Pink Eyes and Good Drops
So, your eye is pink. “It must be a pink eye. You need drops, good drops.” This is the simple two-step algorithm you can hear in classrooms and pharmacies everywhere. But, as you might expect, it’s never that simple. That’s why you’re watching this on the vision mechanic.
When we’re talking about ‘the pink eye’, really we’re talking about different kinds of inflammation of different tissues in and around the eyes. That is, we’re talking about the ‘itises’: conjunctivitis, blepharitis, uveitis, scleritis, or keratitis. That is, inflammation and or infection associated with the skin lining the eyes, the lids, the soft tissue inside the eye, and the cornea. Each of these conditions can be caused by allergy, by bacterial or viral infection, by trauma, by different drug use, and by auto-immune concerns, and dryness/exposure. So, in other words, there is no ‘pink eye’, only eyes that look red and pink because of some reason.
Likewise, there is no universal ‘pink eye’ drop. ‘Red eye’ drop formulations are mostly designed around a vasoconstrictor, a compound that is designed to make the arteries supplying the outer eye shrink so you can’t see them. So, in other words, if your eye were on fire, these drops are like cutting the water lines. Look for names like naphazoline or tetrahydrozoline. These compounds constrict blood vessels, period, that’s all they do, and in doing so the eye looks clear and white. It’s no big surprise that these are so popular with young people and concert goers who want to conceal the red eyes of cannabis use, say.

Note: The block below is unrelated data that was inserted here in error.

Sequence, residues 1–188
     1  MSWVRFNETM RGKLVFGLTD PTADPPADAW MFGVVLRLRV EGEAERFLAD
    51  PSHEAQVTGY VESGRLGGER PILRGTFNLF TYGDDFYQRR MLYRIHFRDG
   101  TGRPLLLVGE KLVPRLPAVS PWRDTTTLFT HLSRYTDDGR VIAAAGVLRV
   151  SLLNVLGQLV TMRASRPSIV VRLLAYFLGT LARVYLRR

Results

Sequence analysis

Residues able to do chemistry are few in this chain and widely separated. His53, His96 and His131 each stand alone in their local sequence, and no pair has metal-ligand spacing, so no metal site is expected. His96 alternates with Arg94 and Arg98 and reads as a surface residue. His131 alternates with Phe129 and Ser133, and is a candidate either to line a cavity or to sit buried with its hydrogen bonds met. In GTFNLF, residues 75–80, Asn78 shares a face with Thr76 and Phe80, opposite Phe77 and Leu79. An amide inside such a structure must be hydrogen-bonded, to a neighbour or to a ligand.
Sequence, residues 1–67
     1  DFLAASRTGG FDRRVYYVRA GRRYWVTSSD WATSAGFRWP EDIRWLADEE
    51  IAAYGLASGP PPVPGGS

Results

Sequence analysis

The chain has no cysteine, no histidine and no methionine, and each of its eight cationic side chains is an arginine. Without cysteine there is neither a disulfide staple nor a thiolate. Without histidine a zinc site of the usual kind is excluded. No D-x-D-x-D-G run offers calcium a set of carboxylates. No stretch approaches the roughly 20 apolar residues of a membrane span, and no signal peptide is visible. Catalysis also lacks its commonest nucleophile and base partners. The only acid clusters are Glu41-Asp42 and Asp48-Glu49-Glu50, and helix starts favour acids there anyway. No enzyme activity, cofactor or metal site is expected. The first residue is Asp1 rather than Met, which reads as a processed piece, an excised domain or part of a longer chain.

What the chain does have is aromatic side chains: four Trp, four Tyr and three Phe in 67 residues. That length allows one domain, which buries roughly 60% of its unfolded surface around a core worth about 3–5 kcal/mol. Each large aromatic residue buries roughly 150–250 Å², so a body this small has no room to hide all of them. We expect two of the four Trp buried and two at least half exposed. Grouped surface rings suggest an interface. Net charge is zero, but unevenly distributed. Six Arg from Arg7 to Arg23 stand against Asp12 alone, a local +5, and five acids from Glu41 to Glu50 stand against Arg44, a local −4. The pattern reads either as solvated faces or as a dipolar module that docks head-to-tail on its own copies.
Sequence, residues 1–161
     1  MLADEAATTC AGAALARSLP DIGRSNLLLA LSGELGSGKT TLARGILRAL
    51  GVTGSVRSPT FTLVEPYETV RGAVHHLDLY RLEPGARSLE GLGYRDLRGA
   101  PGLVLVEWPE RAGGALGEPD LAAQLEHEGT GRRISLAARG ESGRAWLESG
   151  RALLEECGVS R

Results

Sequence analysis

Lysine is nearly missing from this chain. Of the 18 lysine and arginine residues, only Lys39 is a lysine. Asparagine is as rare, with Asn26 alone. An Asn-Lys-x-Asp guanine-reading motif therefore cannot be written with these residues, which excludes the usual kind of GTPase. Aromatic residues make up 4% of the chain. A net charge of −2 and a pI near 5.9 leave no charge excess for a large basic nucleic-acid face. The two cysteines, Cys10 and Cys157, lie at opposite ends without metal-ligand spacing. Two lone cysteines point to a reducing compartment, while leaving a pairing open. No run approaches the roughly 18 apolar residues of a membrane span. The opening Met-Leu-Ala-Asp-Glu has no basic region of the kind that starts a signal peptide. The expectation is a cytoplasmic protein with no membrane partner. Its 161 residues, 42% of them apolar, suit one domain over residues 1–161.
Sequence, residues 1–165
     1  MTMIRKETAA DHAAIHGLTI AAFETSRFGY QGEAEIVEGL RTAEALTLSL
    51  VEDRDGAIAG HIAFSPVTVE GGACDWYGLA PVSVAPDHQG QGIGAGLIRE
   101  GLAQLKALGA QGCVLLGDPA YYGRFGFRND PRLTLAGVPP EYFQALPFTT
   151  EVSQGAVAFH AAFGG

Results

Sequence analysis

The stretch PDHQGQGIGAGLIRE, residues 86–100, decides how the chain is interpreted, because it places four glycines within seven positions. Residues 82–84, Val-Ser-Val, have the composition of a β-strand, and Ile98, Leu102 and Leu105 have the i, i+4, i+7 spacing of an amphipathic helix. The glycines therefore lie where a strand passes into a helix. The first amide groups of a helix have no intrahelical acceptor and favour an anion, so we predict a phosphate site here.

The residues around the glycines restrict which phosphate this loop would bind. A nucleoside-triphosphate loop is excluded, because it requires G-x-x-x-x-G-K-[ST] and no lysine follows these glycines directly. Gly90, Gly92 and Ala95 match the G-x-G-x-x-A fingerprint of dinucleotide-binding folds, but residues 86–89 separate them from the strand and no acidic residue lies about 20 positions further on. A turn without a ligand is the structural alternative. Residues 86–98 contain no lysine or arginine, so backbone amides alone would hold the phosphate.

Also, avoid using over the counter antibacterial compounds for too long, like Polysporin. These products contain Bacitracin and Polymyxin B and the body can develop an allergic response against them, leading to the perceived need use more drops, more often. Ignoring the real problem or using these drops for too long will lead to more serious problems.
If you do have a gooey eye, or red eye, try a simple rinse with non-medicated (non-whitening) eye drops aka artificial tears, like Blink. If the drop has a vasoconstrictor, don’t use it. DO NOT ever give whitening drops to firefighters who are battling house or forest fires as these will make things much worse. Again, the best thing is plain old artificial tears. If you want to, and if you feel the problem might be an allergy, try a single drop of an anti-histamine like Soothe, from Bausch & Lomb. You can also have a look at this link for some additional eye-deas (sorry about that).
Finally, I often also advise regular sinus rinses with saline as this helps in clearing the tear ducts and keeps the eyes fresh.
If the problem doesn’t clear up, see an eye doctor before you visit a community health center. Optometrists everywhere will be able to help you out for a fair price and can usually fix it the first time – they’re eye doctors after all.
You can learn a lot more about eyes and vision at VisionMechanic.net, so feel free to go over and have a look. You’ll be especially interested in spending time with us if you’re a parent, a teacher, therapist or doctor working with reading, developmental, and learning disorders, or even brain injuries – we’ve got a load of good advice we all should have been taught in school.
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